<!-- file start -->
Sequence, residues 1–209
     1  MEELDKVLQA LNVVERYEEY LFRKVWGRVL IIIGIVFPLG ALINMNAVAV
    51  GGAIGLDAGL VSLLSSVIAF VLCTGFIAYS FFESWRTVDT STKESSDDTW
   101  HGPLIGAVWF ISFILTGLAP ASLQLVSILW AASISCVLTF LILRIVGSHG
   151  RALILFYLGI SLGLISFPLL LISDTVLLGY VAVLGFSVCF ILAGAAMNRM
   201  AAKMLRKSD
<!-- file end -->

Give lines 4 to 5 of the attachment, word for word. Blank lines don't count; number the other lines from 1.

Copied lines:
   101  HGPLIGAVWF ISFILTGLAP ASLQLVSILW AASISCVLTF LILRIVGSHG
   151  RALILFYLGI SLGLISFPLL LISDTVLLGY VAVLGFSVCF ILAGAAMNRM